DAMPERS!!! Damn it! ;)
 

NVGator

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How many Sqft is this place now? Equal upstairs and downstairs?

Why didn’t you just raze the home to begin with?
 

crosscreekcooter

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2000 down
900 up
1017 covered porches The system will be a 17 SEER heat pump with variable speed air handler w/10KW heat strips. He's comfortable doing this with 3 1/2 tons. What was driving the other HVAC bidders to quote 2 systems was getting airflow to one end of the house and the ability to cool the 2nd floor.

He didn't need me to raze the home, he could have done that. Out in the country they used to call the fire dept and let them practice.
Here's the local VFD about 3 miles away.
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CGgater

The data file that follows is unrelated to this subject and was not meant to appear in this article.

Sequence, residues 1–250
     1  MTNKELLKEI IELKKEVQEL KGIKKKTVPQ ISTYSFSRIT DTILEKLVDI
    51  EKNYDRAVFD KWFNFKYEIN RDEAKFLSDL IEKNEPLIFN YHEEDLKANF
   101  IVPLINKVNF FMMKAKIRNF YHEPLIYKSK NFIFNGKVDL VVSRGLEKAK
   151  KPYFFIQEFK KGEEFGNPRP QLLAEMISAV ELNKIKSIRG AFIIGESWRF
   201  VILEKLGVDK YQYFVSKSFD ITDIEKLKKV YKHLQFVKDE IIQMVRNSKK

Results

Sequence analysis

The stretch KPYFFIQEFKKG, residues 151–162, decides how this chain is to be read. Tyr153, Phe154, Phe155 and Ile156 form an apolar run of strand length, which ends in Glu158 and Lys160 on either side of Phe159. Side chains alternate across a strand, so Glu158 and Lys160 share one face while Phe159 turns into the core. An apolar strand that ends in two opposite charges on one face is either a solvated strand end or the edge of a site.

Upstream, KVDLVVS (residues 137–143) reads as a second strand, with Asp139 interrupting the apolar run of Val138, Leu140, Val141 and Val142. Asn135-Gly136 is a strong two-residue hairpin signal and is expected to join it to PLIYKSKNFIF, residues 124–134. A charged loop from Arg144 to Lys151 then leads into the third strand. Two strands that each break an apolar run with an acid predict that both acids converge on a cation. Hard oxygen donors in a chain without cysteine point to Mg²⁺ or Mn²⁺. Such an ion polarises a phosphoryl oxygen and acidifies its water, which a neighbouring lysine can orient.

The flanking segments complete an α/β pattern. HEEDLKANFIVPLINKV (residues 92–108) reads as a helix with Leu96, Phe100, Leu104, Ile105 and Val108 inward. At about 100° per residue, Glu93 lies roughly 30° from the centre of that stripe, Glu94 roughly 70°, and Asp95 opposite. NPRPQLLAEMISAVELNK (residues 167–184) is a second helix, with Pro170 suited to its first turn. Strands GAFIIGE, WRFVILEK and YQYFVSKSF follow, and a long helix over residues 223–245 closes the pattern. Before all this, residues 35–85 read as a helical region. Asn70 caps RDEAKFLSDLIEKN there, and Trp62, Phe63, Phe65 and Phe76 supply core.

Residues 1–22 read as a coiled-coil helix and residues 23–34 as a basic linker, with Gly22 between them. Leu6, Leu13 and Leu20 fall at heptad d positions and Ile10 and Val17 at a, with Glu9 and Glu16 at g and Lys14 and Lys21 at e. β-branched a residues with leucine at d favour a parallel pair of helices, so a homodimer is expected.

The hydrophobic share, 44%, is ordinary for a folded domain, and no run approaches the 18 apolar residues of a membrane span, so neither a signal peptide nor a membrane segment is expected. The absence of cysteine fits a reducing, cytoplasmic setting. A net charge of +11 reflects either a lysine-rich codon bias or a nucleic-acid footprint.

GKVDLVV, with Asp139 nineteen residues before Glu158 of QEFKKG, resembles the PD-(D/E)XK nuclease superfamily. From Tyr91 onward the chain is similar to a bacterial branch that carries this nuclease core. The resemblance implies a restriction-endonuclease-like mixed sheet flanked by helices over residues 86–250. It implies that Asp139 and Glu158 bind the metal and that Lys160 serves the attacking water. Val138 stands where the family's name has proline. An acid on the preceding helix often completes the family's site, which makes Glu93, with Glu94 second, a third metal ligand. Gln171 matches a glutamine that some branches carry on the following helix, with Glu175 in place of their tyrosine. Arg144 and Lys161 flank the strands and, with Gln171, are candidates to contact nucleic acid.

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@NVGator
2000 down
900 up
1017 covered porches The system will be a 17 SEER heat pump with variable speed air handler w/10KW heat strips. He's comfortable doing this with 3 1/2 tons. What was driving the other HVAC bidders to quote 2 systems was getting airflow to one end of the house and the ability to cool the 2nd floor.

He didn't need me to raze the home, he could have done that. Out in the country they used to call the fire dept and let them practice.
Here's the local VFD about 3 miles away.
View attachment 13900

I’ve heard of that. Some states and local townships give you a property tax break on the new construction for providing that training opportunity.

@NV - some renovations are based on preserving history rather than the cheapest option.
 

NVGator